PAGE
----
When Should You Say 'I Love You'?
With so much conflicting advice, it can be hard to trust your feelings.
Posted Dec 21, 2014
"The regret of my life is that I have not said 'I love you' often enough." — Yoko Ono
Hearing a partner say "I love you" for the first time is regarded as one of the highlights of a romantic relationship. However, people are often uncertain about when to declare their love, and whether to be the first to do so or to wait until the other has given an indication that they feel the same way. Is there a best time to reveal your heart? Does the timing make any difference, or all the difference?
When Should You Say It?
"You don't have to have a ring on your finger to say, 'I love you.'" — Tyra Banks
Romantic love expresses our genuine attitudes. Revealing our loving heart to a partner is immeasurably valuable for communication and personal flourishing. However, such self-disclosure makes you more vulnerable and may put your partner in an uncomfortable situation, especially if his or her attitude is different from yours. There are various important considerations in this regard. Take, for example, this common (and conflicting) advice about when to tell your partner "I love you":
- Go on at least five dates.
- Say it only after two months.
- Don't wait too long.
- Wait until you're absolutely bursting.
- Do not do it before, after, or during sex.
- Don't say it when you're very emotional and cannot think rationally.
- Don't say it when you want to reward your partner for something.
- Never say it first, and don't echo it back until you've spent some extended time together.
These examples emphasize the importance of timing. However, is timing more important than honesty and self-disclosure? More plausible advice assumes that there is no precise formula for when to say "I love you," and that you should say it whenever you feel that way, without making too many calculations about timing.
What's important in long-term love is not timing, which refers to a specific temporal point, but time. Time has a wider reference, including duration, frequency, and development. Accordingly, a few apparent mistakes along the road, stemming from bad timing or political incorrectness, will not change an entire romantic picture. It may even enhance trust and honesty between lovers. Since profound love needs time to develop, it isn't reasonable to say "I love you profoundly" after being together for just a brief time; that may indicate that you are not serious about what is in fact a serious matter. However, since love at first sight can occur, you can say "I love you" after a short time together if you are just expressing what you feel at that moment. You may add, if this is indeed the case, that you see great potential for the relationship to grow. We can perceive potential, but we cannot perceive its inevitable implementation (Ben-Ze'ev, 2014).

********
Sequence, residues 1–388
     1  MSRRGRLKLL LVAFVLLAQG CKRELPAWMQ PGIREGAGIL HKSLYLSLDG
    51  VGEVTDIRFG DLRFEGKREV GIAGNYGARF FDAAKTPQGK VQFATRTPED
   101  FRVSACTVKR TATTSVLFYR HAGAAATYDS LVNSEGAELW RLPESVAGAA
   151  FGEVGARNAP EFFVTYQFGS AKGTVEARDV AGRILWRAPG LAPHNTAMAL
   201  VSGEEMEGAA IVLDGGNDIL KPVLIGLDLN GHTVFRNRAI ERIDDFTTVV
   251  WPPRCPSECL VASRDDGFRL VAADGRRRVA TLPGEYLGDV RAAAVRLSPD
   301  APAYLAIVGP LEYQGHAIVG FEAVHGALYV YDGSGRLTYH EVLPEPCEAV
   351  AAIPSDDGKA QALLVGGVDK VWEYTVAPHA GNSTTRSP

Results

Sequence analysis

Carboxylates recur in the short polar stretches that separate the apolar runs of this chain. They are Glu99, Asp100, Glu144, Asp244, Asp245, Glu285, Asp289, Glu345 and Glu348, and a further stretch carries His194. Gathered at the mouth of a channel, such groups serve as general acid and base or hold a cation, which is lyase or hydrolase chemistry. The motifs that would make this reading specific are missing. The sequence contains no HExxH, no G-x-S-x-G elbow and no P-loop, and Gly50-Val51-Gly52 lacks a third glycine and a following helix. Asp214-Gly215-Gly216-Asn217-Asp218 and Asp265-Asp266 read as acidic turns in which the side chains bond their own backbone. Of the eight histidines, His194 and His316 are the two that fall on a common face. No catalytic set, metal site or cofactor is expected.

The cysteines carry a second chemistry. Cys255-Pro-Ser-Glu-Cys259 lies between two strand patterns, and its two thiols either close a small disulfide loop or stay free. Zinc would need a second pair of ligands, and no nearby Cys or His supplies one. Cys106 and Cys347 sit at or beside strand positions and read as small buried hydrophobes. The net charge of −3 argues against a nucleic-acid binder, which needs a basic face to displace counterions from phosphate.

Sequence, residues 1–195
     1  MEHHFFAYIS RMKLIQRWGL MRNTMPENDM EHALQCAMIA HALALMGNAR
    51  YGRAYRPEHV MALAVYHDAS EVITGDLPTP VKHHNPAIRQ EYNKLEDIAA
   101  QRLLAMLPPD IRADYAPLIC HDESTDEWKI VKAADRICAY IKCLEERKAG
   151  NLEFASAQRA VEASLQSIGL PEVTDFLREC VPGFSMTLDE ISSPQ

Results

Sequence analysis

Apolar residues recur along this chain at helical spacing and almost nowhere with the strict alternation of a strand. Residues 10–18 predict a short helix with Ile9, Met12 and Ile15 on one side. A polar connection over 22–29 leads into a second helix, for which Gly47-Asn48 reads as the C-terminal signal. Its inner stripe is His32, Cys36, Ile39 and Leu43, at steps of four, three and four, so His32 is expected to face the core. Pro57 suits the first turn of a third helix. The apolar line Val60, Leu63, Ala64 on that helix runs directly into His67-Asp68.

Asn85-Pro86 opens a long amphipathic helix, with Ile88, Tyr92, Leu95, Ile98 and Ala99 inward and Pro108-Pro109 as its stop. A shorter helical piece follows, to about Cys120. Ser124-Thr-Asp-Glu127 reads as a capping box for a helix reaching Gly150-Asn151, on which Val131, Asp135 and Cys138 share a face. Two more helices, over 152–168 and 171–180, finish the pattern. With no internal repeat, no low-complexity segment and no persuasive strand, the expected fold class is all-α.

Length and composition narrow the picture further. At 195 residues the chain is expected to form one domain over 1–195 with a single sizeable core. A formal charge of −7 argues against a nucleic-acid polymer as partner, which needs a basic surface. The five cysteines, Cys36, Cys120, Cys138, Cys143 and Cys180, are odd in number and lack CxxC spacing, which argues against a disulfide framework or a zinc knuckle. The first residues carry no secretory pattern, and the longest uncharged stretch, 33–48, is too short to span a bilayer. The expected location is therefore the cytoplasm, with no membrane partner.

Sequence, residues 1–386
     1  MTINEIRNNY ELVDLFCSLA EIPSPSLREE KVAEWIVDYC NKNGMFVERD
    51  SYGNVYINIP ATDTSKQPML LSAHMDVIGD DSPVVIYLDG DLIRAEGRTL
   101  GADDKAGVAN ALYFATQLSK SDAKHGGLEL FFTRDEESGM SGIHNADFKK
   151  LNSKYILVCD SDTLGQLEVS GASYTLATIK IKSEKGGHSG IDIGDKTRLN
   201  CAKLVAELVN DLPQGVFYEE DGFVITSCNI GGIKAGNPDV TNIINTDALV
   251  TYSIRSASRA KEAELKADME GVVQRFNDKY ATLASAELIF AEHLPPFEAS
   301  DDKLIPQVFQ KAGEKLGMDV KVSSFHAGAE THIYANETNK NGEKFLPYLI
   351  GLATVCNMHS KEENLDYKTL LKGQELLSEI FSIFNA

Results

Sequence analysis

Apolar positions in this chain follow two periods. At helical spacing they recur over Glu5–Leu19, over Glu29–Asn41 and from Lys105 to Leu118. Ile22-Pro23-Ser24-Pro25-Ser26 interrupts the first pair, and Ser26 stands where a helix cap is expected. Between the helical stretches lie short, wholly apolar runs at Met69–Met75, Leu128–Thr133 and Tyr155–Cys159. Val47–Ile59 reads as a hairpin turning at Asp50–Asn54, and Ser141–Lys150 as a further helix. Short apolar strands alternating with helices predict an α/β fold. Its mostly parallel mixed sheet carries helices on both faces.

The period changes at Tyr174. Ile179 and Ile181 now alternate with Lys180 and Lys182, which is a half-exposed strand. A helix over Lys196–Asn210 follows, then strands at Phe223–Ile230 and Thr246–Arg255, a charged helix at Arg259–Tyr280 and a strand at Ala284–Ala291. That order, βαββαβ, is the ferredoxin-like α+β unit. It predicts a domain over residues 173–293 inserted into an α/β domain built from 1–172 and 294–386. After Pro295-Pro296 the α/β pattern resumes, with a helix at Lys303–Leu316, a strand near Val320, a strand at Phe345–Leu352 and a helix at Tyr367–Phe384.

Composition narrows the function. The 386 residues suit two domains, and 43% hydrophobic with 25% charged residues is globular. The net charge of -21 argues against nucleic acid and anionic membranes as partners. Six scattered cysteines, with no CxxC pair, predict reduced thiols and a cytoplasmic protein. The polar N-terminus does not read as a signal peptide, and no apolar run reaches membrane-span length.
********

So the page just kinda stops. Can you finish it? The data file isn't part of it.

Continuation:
In profound love, it is activities, rather than words, that count most. There may be many reasons for not saying "I love you" that are not necessarily because of a lack of love. When Tevye, in "Fiddler on the Roof," asks Golde, his wife of 25 years, whether she loves him, she is surprised at the question and wonders whether he is upset or tired. “Go inside, go lie down! Maybe it’s indigestion,” she says. When Tevye insists on being answered, Golde says: “For 25 years, I've washed your clothes, cooked your meals, cleaned your house, given you children, milked the cow. After 25 years, why talk about love right now?” And when he continues to insist upon receiving an explicit answer, she finally says: “I suppose I love you.”
"It's not easy to sit down and open yourself up and say, 'This is how much I love you,' you know? It's scary to do that." — Jason Isbell
When one is sincere, confessing one's love is typically not problematic. There may be a problem, though, in expecting a reciprocal answer to the declaration. This difficulty derives from two major aspects—the different paces at which love develops and the different personal tendency to reveal one's heart.
Not everyone develops love or expresses it at the same pace.
In addition, there are indications that gender differences play a part: Men tend to confess love earlier than women, and are happier than women when receiving confessions of love from a partner (Ackerman, et al., 2011). According to one survey, men take an average of 88 days to tell a partner "I love you," compared to a woman's 134. Moreover, 39 percent of men say "I love you" within the first month of dating someone, compared to just 23 percent of women.
Personality differences also cause people to fall in love at different paces. These paces do not, however, indicate differences in romantic commitment—the one who falls in love more quickly might also be the one who will more quickly fall out of love. In addition to the different paces at which love develops, there are also differences in the pace at which partners express love: Shy people tend to express love later than outspoken people, even when their level of love is similar. One shy woman told her partner, who had confessed his love to her: "Don't weigh my words now; weigh my deeds."
And she was right: Deeds speak louder than words.